A Tibetan Buddhist Ritual Dance Drum Beater

A Tibetan Buddhist Ritual Dance Drum Beater

1600 to 1800 Tibet

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A Tibetan Buddhist Ritual Dance Drum Beater made from a human mandible
The inner edge worn smooth at the two points where once it was held for use. Aged brown patination
17th / 18th Century

Size: 10cm deep, 10cm wide – 4 ins deep, 4 ins wide

The impermanence of the human condition is a recurring theme in Tibetan devotional ceremonies. Human bones are used for all kinds of implements; cups and drums are made from skulls and trumpets from thighbones. Human skin is used for drumheads that are beaten with mandibles such as this.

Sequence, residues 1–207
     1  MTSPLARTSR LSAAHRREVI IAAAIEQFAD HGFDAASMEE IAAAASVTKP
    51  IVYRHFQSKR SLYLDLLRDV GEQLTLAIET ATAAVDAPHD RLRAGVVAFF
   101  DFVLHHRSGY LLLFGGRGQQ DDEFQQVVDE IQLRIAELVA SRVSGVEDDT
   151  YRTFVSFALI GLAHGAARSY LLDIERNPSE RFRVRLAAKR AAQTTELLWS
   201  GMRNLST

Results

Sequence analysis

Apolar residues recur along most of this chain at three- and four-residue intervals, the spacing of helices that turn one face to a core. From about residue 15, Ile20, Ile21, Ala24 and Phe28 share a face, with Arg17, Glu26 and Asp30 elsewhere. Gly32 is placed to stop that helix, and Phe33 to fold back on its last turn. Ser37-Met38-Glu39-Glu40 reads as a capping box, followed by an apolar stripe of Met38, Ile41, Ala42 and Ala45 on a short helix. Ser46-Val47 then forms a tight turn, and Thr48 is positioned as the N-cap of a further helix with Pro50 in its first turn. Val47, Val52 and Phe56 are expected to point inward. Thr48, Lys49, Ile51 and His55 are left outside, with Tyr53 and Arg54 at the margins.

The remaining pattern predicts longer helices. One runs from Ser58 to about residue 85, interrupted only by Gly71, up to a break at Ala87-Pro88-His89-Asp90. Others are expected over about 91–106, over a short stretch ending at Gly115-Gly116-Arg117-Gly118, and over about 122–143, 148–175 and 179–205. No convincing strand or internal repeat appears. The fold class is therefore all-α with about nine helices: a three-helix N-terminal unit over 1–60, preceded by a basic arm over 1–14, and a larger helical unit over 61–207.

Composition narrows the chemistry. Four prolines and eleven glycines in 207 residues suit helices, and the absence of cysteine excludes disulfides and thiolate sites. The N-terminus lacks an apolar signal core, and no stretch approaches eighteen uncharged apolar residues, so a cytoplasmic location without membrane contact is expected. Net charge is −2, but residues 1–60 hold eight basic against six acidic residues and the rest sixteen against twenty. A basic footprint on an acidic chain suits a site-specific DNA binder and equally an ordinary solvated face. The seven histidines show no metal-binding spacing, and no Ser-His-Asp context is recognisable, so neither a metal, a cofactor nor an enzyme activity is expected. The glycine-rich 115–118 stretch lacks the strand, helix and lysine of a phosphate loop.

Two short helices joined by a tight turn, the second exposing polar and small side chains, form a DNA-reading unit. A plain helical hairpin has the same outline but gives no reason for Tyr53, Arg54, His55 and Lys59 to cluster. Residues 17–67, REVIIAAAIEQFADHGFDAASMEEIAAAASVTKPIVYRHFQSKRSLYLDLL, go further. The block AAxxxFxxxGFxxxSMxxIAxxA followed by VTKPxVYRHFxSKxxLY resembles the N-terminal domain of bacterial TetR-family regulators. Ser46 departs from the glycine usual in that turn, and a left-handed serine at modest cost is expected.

Wood is so scarce in Tibet that the dead cannot be cremated on funeral pyres; their remains are mostly cut up and left on a high open place to be consumed by scavengers like vultures and crows. To the Buddhist time and death are not simply agents of final destruction, but represent the transformation, which the ending of one life brings as a prelude to opportunities in the next.

Medium
Bone
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